Art and Censorship in Turkey
Since the 19 years of AKP rule, the art world has been subjected to pressure and censorship through methods such as punishment, prohibition, investigation, targeting, threatening, intimidation, humiliation, obstruction, physical and verbal attack and marginalization. This political pressure, which destroys diversity, freedom of expression and critical thinking in the society, keeps the art world in a precarious state. Halls and venues of state art institutions and independent art venues are closed or demolished, books are banned, movies are censored, statues are destroyed, painters are arrested, independent theaters cannot receive funding because of having supported the massive Gezi Park resistance in 2013.
The year AKP came to power, it cut the funding of Atatürk Cultural Center (AKM), which was put into service as the fourth largest art center in the world in 1969 and is one of the iconic venues of Istanbul. The AKP government prevented the maintenance and repair activities from being carried out. Ignoring the historical, symbolic and cultural significance of the building, the government highlighted the rent calculations for the building’s land. The building, which was on the agenda for demolition until 2012, was decided to be restored thanks to criticism and reactions. Beyoğlu’s Emek Movie Theater, another historical venue for culture and art, was demolished by the government for the construction of a shopping mall in 2013, and the famous film critic Atilla Dorsay, who protested the event, was assaulted at the construction site.
The Ministry of Culture and Tourism stopped giving funds to independent theaters that supported the Gezi resistance, such as Dostlar Theater under the management of Genco Erkal, Altıdan Sonra Theater, Destar Theater, Bulut Theater, and Ferhan Şensoy’s Ortaoyuncular, as of 2013-2014.
Reyan Tuvi’s documentary film “Love Will Change The Earth (Yeryüzü Aşkın Yüzü Oluncaya Dek)“, about the Gezi Resistance, was selected by the preliminary jury at the 51st International Antalya Golden Orange Film Festival but was excluded from the documentary competition program by the festival management. The screening of the documentary “Ali – A Free World in his Dreams (Ali–Düşlerinde Özgür Dünya)” about Ali İsmail Korkmaz, who was beaten to death in Eskişehir during the Gezi Resistance was banned by the governorship of Hatay, his hometown on his birthday. In April 2016, the documentary film about Roboski Massacre “I Remember (Hatırlıyorum)” was removed from the 27th Ankara International Film Festival.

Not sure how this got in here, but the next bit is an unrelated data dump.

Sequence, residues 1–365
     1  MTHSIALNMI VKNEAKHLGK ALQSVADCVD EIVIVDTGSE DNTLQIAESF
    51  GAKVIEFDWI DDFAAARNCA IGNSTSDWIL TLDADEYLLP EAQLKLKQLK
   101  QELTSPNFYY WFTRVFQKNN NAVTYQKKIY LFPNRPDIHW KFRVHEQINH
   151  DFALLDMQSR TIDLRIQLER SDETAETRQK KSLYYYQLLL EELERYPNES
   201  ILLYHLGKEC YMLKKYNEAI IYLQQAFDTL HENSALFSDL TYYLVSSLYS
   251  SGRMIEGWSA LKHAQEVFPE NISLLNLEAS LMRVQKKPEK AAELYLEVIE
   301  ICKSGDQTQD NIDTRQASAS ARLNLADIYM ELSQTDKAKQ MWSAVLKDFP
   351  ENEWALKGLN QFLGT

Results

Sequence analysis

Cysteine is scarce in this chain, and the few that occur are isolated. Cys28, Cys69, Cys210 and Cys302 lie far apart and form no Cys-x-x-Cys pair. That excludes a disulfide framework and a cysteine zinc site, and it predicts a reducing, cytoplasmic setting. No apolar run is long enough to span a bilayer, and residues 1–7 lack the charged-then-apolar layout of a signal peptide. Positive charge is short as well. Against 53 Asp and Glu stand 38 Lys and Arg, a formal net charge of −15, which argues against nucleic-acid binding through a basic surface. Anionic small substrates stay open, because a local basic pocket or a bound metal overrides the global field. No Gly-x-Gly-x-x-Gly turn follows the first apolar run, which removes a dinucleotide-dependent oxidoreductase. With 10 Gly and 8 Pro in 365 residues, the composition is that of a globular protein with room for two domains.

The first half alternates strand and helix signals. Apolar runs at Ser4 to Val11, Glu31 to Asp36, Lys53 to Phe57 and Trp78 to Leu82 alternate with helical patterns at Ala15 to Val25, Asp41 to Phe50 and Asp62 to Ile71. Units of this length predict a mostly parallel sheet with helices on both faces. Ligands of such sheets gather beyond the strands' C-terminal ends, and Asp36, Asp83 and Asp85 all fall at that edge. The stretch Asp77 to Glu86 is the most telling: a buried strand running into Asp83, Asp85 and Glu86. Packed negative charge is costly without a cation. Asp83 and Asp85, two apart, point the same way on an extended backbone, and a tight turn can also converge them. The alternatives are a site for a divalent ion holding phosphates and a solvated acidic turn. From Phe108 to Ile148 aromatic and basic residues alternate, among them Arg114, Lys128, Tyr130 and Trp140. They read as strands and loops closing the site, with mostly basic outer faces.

Following the attempted coup of 2016, 301,878 books have been removed from Turkish schools and libraries or destroyed according to Turkey’s Ministry of Education. At Istanbul Bahçelievler Kumport Secondary School, an investigation was launched against 5 Turkish teachers who recommended Aziz Nesin’s book “Today’s Children Are Wonderful (Şimdiki Çocuklar Harika)”. Previously, the books “Samarkand and My Sweet Orange Tree” were investigated in the same district.
Famous rapper Ezhel was tried on the grounds that his lyrics “openly encouraged the use of drugs or stimulants”. He was arrested and sent to prison in the second trial, although he was released on condition of judicial control in the first trial. He and Khontkar Onur Dinç and Young Bego were tried and sentenced to prison for the same reasons. Ezhel, who was imprisoned for about a month, was acquitted in the first hearing.
Minorities Are Subjected to More Censorship and Repression
The artistic freedom of expression of kurdish Grup Yorum , one of the most influential music groups in Turkey, has been systematically violated for years. Many lawsuits were filed against the group members on grounds such as “making propaganda for a terrorist organization” and “membership in a terrorist organization”, and the İdil Cultural Center, where the group regularly rehearsed, was raided by the police at least 3 times. The members of the group were arbitrarily detained, their concerts were repeatedly banned. Group members Helin Bölek and İbrahim Gökçek, who went on a death fast with demands for the banning of concerts to be lifted, the cultural center not to be raided and the lawsuits against the group members to be dropped, lost their lives in 2020. Grup Munzur was also sentenced to 10 months in prison for “propagandizing for a terrorist organization” with the Kurdish songs “Zindana Diyarbekir” and “Serhildan Jiyane”, which they sang at the Van Newroz celebrations in 2017. The announcement of the verdict has been delayed, however, if the band members commit the same “crime”, that is, if they sing these songs again, they will be sentenced to prison.
Musicians who advocate gender equity and LGBTQI+ rights are also exposed to similar pressures and censorship. When the musician Melek Mosso said “The Istanbul Convention will keep us alive” before singing the song “Keklik Gibi”, which she dedicated to the victims of feminicide the police were called and the artist was removed from the stage, at a concert she gave in August 2020. Musician Mabel Matiz, known for his queer identity and support for the LGBTQI+ movement, dedicated his award to “everyone who celebrates and spreads diversity” at the 46th Pantene Golden Butterfly Awards, but these words of the artist were censored and published incompletely.